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6 Destinations with Sunscreen Bans, and What You Need to Know

Think the plastic straws you gave up sipping from are bad for our oceans? It’s time to consider the same about the sunscreen you use. Non-biodegradable sunscreens that contain harsh chemicals like oxybenzone have been proven to be toxic to coral reefs and other sea life. But travelers haven’t been as quick to widely abandon them for a natural alternative—so now some destinations are enacting sunscreen bans themselves.

Here are some of the most popular destinations that have banned non-biodegradable sunscreens, and how you can switch to a responsible alternative.

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U.S. Virgin Islands

The U.S. Virgin Islands recently announced a ban on chemical sunscreens that are harmful to coral reefs, outlawing all imports and sales of sunscreens containing oxybenzone and octinoxate. The bill was signed into law in July 2019, and its terms will go into effect in March 2020.


Hawaii sea turtle

The reef-rich state of Hawaii voted to ban the sale of sunscreens that contain the reef-damaging chemicals oxybenzone and octinoxate beginning in 2021. Experts have said the move is an effort to put pressure on sunscreen manufacturers to better label and produce natural sunscreens that use equally effective zinc oxide, which doesn’t harm reefs.

“In my lifetime, our planet has lost about half its coral reefs. We’ve got to take action to make sure we can protect the other half as best we can because we know that time is against us,” said Hawaii Representative Chris Lee. The ban doesn’t include cosmetic products like SPF makeup, or sunscreens prescribed by a doctor for medical reasons.

Key West, Florida

Key west snorkelling

Key West, Florida—the home of the largest coral reef in the continental United States—recently followed Hawaii in enacting a non-biodegradable sunscreen ban on its businesses. Starting in 2021, no stores in Key West can carry sunscreens that contain the reef-damaging chemicals.

Key West leaders have said they hope the move will spread awareness about the issue and encourage travelers to buy natural sunscreens that work just as well. “There are thousands of sunscreens out there, and we have one reef,” Key West Mayor Teri Johnston said of the move. “And we have an opportunity to do one small thing to protect that. I believe it’s our obligation.”

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Bonaire beach

The Caribbean island of Bonaire unanimously voted to ban the sale of reef-killing sunscreens in its stores by 2021. Scientists studying the effects of oxybenzone and octinoxate on reefs have conducted research in the Caribbean and said “about 90 percent of the reefs in the Caribbean have disappeared since 1980.”


But it’s not just the U.S. and Caribbean banning harsh sunscreens—parts of the Pacific are starting to follow suit. The archipelago nation of Palau is set to become the first country to enact a sunscreen ban, which will take effect in 2020. Palau lawmakers have said businesses could be fined up to $1,000 for selling non-biodegradable sunscreens.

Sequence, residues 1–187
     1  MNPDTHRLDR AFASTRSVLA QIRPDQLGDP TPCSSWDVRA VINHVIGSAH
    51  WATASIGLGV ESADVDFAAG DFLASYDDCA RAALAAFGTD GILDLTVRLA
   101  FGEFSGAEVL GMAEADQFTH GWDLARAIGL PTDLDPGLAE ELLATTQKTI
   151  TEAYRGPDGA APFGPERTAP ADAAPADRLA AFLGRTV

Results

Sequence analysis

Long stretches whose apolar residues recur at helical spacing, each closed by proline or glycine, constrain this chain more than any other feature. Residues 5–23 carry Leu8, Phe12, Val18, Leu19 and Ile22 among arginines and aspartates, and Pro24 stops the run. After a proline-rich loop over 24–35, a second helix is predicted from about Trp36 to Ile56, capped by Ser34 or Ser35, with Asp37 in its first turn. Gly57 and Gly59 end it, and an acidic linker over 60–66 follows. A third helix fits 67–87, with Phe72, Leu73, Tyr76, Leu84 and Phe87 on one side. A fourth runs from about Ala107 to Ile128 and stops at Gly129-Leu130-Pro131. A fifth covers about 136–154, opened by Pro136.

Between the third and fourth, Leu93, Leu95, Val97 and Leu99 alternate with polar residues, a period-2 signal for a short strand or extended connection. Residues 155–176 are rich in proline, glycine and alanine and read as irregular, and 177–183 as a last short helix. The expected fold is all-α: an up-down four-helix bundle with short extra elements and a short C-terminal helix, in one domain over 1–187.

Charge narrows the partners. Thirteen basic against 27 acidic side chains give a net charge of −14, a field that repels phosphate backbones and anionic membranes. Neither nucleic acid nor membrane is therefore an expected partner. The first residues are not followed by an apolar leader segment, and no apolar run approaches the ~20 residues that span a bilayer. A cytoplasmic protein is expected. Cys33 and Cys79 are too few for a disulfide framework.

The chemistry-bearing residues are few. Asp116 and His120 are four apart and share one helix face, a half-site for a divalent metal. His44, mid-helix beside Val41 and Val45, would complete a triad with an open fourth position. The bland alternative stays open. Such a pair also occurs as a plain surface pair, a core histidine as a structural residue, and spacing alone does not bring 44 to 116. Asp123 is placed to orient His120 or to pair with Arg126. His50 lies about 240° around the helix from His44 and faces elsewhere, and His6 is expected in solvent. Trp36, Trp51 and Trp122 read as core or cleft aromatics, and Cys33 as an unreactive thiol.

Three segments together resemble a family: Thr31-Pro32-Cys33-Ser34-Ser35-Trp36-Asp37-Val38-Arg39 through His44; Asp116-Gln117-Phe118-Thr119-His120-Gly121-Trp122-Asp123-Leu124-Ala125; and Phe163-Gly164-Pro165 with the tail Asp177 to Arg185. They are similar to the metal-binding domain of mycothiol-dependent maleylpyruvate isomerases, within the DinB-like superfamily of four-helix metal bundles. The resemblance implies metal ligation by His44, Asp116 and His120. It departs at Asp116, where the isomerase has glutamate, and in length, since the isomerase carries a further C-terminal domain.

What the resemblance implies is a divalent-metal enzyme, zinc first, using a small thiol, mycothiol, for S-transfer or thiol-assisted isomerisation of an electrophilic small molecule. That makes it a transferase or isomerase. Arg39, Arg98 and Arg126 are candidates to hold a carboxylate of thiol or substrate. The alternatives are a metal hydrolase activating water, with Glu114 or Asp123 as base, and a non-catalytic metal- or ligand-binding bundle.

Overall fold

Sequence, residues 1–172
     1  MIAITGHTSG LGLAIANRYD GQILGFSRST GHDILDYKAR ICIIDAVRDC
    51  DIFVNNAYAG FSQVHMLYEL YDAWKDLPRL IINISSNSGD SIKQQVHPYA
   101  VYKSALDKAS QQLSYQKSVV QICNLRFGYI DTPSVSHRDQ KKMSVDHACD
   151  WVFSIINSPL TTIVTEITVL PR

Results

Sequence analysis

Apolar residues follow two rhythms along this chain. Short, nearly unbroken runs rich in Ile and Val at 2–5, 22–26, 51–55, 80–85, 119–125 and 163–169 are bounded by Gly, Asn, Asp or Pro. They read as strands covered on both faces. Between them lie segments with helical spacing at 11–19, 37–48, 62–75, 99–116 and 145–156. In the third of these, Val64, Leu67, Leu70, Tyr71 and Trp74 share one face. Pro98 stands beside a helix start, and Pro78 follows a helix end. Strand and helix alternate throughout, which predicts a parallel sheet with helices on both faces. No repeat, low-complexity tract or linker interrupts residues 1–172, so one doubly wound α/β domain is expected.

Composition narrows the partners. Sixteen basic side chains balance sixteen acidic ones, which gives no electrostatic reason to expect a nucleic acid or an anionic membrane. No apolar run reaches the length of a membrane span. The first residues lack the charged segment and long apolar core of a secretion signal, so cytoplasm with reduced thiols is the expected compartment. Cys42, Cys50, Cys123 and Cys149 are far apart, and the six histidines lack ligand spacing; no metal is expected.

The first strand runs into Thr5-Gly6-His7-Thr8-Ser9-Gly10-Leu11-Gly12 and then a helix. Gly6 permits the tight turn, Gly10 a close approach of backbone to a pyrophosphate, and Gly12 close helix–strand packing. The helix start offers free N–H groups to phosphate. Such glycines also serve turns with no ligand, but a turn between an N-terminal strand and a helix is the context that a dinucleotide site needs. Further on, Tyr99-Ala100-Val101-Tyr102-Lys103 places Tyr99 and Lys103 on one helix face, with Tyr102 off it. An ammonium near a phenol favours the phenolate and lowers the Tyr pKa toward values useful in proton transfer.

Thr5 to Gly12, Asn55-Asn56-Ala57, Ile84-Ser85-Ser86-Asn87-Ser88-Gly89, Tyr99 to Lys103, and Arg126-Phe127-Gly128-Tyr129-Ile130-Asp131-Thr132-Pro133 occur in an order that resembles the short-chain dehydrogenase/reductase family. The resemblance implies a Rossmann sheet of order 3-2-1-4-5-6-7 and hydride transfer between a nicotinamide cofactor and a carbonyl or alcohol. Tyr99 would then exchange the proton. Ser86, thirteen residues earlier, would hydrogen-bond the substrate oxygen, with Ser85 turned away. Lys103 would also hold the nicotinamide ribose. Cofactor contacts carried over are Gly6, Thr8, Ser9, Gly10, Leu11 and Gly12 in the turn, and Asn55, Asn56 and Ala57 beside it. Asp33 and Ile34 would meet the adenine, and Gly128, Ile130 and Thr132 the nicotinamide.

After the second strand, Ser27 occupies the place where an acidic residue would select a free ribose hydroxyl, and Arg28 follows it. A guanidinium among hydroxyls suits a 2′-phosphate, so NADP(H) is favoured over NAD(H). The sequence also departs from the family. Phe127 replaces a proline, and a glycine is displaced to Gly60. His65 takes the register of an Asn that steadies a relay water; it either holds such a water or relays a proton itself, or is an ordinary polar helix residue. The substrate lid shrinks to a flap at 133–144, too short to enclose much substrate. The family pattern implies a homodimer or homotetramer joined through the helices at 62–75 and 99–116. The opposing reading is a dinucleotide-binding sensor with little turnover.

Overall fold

“The power to confiscate sunscreens should be enough to deter their non-commercial use, and these provisions walk a smart balance between educating tourists and scaring them away,” Palau President Tommy Remengesau said of the change.

Mexican Vacation Spots

While it’s not technically banned here, popular vacation spots in Mexico are some of the most likely places for Americans to be asked not to use their harsh sunscreen. Popular cenote swimming holes in the Riviera Maya that are home to copious animal life typically ask that visitors only use natural sunscreens. Ecotourism preserves and natural water parks like Xel Ha, Xcaret Park, Garrafon Natural Reef Park, and similar spots in Cozumel and Playa del Carmen are also asking visitors to use only natural sunscreens.

Tip: Once you’re there, resorts and shops can (and will) charge a pretty penny for natural sunscreens. Stock up before you go to avoid the price gouge, and order online to ensure you get the best price. Avoid all aerosol sunscreens (spritzing sprays are fine), and check the ingredients list yourself to make sure oxybenzone and octinoxate aren’t listed; not all sunscreens marketed as “natural” are actually reef safe. Truly natural sunscreens typically list zinc oxide or titanium dioxide as an active ingredient.

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SmarterTravel’s Shannon McMahon writes about all things travel. Follow her on Instagram @shanmcmahon.

By Shannon McMahon

Editor Shannon McMahon is always planning her next trip and often writing in her travel journal. Follow her on Twitter @shanmcmahon_ and on Instagram @shanmcmahon.

Shannon joined SmarterTravel in 2015. A former news reporter, she's lived in the south of Spain, spotted elephants in Sri Lanka, gone spelunking in the Caribbean, hiked Jordan's Petra Basin, interviewed Sao Paulo's Michelin-Star chefs, and explored China via bullet train. Travel trends, news oddities, and her visits to up-and-coming destinations are some of her favorite things to write about.

Her stories have also appeared online on USA Today, The Sun, Huffington Post, Business Insider,,, and more. Her educational background is in journalism, art history, gender studies, Spanish, and film. She's been quoted as an expert travel source by CNBC,, MarketWatch, The Washington Post, USA Today, and more.

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